Our Klamath Basin Water Crisis
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own property, and caretake our wildlife and natural resources.
7/18/06 PRESS RELEASE: House Committee on
ESA sunshine bill heads to markup
WHO: House Committee on Resources
WHAT: Markup of H.R. 4857: To better inform consumers regarding costs associated with compliance for protecting endangered and threatened species under the Endangered Species Act of 1973. (Endangered Species Compliance and Transparency Act of 2006)
WHERE: 1324 Longworth House Office Building
WHEN: Wednesday, July 19, 10 a.m.
H.R. 4857, sponsored by Rep. Cathy McMorris (R -Wash.), would provide greater transparency to federal power consumers by requiring the four federal power marketing administrations (PMAs) to disclose costs associated with Endangered Species Act (ESA) compliance.
"Electricity ratepayers are being hit from all angles, and families and businesses deserve answers about contributing factors to our rising energy costs," said Cathy McMorris (R-WA), Vice-Chair of the Water and Power Subcommittee. "At hearings in both Washington D.C. and Washington state, we heard from farmers, educators, federal agencies, and business and community groups about the need to keep our energy rates low. No one disagrees with the need to protect truly endangered species. Yet with millions being spent each year on salmon recovery efforts, consumers deserve to know how that impacts their monthly energy costs. Ratepayers can then decide for themselves whether or not these expenditures are being spent effectively."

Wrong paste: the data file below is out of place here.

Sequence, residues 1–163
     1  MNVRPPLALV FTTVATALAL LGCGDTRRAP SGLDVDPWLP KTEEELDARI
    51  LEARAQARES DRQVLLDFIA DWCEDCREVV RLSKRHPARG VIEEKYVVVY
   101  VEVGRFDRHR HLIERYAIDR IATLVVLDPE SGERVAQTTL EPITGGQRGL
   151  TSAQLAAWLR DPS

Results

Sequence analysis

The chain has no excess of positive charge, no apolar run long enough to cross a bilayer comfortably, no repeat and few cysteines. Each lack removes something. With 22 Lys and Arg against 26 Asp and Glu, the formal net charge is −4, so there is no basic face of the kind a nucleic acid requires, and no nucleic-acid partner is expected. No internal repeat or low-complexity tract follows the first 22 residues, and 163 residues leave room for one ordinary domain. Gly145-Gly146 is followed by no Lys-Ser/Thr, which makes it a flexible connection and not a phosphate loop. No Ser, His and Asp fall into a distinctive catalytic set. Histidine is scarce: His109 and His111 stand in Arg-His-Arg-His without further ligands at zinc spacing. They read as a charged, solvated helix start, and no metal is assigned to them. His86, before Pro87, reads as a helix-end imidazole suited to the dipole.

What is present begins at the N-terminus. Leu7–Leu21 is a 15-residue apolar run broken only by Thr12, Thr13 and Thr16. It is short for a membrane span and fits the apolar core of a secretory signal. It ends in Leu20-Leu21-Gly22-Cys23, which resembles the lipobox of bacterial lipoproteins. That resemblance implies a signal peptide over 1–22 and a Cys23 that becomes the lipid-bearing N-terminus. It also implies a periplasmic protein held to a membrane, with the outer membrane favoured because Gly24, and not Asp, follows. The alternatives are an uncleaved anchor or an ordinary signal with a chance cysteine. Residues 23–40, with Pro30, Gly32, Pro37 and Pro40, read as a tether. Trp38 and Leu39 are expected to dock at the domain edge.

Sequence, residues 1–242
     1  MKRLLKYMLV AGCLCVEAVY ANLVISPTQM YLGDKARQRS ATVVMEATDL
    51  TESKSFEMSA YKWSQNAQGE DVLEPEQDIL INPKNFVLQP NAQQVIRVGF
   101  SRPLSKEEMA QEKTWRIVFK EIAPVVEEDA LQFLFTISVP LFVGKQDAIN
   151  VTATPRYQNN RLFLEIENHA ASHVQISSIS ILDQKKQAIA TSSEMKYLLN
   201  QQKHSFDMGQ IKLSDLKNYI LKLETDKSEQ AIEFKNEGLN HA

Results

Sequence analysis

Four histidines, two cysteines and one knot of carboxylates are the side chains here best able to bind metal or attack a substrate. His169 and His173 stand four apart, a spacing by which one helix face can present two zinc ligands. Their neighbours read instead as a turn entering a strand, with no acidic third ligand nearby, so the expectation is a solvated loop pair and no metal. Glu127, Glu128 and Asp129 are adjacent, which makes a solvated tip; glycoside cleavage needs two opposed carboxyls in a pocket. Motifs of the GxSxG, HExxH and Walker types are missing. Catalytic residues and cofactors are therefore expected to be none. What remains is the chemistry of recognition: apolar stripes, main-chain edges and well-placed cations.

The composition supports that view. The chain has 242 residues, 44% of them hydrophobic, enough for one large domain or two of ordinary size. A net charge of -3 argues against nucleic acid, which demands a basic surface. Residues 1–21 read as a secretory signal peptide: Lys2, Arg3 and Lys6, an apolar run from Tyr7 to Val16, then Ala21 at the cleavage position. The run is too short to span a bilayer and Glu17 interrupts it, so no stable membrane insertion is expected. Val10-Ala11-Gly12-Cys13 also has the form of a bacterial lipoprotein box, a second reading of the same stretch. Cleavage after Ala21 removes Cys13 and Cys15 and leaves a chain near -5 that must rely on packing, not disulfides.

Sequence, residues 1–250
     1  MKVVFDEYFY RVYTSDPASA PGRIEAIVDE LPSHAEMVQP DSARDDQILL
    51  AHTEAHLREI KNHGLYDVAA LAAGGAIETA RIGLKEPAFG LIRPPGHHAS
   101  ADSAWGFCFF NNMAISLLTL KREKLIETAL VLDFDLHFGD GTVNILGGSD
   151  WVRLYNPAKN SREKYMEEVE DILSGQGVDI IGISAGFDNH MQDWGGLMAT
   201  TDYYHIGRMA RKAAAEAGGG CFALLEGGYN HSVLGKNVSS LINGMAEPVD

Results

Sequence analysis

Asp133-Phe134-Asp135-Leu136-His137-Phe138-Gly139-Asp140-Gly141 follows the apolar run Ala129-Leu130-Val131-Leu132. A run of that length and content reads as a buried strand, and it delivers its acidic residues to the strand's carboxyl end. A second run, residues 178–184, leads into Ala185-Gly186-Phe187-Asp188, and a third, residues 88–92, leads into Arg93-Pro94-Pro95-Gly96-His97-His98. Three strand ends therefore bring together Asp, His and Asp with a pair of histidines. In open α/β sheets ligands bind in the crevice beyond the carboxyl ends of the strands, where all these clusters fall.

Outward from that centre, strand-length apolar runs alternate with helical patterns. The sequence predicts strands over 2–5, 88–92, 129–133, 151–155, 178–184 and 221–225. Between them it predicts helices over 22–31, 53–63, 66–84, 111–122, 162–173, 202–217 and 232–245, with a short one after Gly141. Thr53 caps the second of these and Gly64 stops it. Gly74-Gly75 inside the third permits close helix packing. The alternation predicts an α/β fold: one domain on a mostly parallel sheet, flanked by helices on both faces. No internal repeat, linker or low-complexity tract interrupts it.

Most power sold by federal PMAs is delivered to wholesale customers, who are usually non-profit municipal, rural electric cooperative, public utility district and irrigation districts and Native American tribes. Ultimately, these wholesale customers provide the power to end-use consumers like businesses, schools, and homes. The end-use consumer absorbs the costs of power production and annual PMA operations, including ESA mandates. Neither the PMAs nor the wholesale customers profit. The bill would require the PMAs to disclose ESA costs on their bills to the wholesale providers.
ESA costs range from habitat restoration and facility modifications to the purchase of replacement power when energy production is halted.
In 2005, the Pacific Northwest's Bonneville Power Administration (BPA), for example, estimates its ESA-related costs accounted for 23 percent of its wholesale electricity rates, or approiximately $600 million annually. In addition, the BPA's rates have risen 46 percent since 2001 due, in part, to higher ESA costs. In the summer of 2004, BPA was forced to reduce power production at its dams for migrating endangered salmon. The federal government, at the time, estimated that lost power generation cost $77 million, yet only 20 adult salmon were estimated to be saved. That's $3.85 million per fish, a price tag passed entirely on to ratepayers.
Yet, according to a 2005 Northwest River Partners poll, 70 percent of respondents either didn't know how much they pay for salmon recovery or believe that less than 5 percent of their monthly bills go to salmon recovery. HR 4857 would ensure that these customers are better informed.
"I commend Rep.
McMorris for her dedication to the consumers' right
Resources Committee Chairman Richard Pombo
said. "ESA compliance is proving to be the most
volatile and uncertain cost for many western
ratepayers. Consumers deserve to know how their
money is being spent so they can make more informed
decisions about the program."
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